An Attempt to throw light on the Waste Management scenario of Rural India
Posted By : Abhijeet Singh | Date : Jul 5 2021 7:44 AM
The Rural Areas are the essence of India. As per the census 2011, more than 50% of the population in India still lives in rural areas. One can surely look at the development of rural regions, to indirectly assess the development of India.
Rural Development is Imperative, especially when the centre seeks the nation to join the digital revolution. But, in the process of making strides in areas such as pushing India to Go Digital or Creating Employment opportunities, something is burgeoning the entire nation, the voluminous waste being generated on an everyday basis.
Most of the waste generated in India comes from urban areas. Although urban waste somehow gets recycled or disposed of by the Urban Local Bodies (ULBs), the waste management in rural India is gruesome.
There are numerous critical issues that the government must address to promote rural development. One of the most important aspects of rural development is proper waste management, which is rapidly increasing in volume.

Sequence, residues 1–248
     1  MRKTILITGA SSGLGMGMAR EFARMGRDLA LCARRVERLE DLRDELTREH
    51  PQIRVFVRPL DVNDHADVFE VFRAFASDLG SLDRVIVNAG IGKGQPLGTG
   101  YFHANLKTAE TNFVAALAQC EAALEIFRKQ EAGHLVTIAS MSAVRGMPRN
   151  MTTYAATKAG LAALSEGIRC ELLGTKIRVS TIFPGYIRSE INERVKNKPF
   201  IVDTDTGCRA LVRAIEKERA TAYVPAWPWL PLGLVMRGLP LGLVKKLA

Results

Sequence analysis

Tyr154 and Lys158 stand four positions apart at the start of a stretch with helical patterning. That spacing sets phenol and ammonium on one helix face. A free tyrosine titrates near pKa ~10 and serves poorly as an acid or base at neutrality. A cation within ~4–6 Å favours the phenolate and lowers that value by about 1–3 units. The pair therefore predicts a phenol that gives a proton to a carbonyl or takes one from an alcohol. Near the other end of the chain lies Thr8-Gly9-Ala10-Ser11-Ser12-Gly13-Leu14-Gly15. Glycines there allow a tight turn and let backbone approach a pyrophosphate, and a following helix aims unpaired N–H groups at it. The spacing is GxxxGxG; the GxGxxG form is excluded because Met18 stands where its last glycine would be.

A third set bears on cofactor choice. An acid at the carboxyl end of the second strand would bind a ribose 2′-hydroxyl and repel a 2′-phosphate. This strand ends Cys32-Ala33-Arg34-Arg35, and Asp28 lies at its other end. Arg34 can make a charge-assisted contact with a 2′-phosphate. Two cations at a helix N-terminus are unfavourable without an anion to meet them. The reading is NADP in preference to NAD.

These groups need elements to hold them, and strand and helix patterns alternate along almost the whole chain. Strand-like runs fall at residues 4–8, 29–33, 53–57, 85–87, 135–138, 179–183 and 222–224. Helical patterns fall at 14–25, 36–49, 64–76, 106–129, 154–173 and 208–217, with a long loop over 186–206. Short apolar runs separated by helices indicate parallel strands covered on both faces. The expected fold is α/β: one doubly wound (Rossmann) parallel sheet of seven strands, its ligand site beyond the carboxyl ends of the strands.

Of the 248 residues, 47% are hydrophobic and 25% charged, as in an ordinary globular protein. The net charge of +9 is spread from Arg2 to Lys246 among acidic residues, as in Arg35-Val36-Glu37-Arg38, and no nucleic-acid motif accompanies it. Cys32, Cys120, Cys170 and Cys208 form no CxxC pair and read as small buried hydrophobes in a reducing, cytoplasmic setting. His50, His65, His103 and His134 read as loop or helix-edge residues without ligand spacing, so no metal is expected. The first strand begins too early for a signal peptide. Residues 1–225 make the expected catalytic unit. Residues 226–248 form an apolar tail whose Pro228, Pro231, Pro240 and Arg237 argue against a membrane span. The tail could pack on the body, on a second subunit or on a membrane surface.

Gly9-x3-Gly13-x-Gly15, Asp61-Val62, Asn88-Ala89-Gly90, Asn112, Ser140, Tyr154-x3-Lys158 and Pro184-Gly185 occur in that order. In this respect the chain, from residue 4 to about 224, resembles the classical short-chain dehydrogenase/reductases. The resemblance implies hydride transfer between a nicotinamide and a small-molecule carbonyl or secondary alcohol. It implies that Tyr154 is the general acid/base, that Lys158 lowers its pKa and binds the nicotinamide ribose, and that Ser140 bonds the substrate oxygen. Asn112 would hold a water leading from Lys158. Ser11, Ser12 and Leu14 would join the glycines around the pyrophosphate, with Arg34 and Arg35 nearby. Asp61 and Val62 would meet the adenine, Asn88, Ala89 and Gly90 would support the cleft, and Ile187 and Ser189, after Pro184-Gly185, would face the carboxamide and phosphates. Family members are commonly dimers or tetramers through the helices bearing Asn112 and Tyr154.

The type of waste generated in the rural areas includes community waste, agricultural waste, animal wastes, etc. As per the survey conducted in 2016 by the Ministry of Drinking Water and Sanitation (MDWS), the Government of India, rural India generated around 0.3 to 0.4 million metric tons per day of solid waste in a year.
The Odisha Government, in a recently held meet, stated that it will provide leverage to the Plastic Waste Management (PWM) and Fecal Sludge Management (FSM) in the Urban Local Bodies, enabling them to provide support for the management of such waste in the rural areas in Odisha.
An order issued by the Panchayati Raj Department of Government of Odisha disclosed that “To facilitate efficient FSM and PWM in the rural areas without creating separate facilities and infrastructure which would be unviable due to scale and size, it has been decided to leverage these facilities (FSTP & MRF) in the ULBs to cater to the requirements of rural areas.”
With the advantages such as large space availability and organic waste such as cow dung, leaves, and other types of farm waste, generated in large volumes, it is viable and economical to conduct waste management practices such as composting, biogas, etc.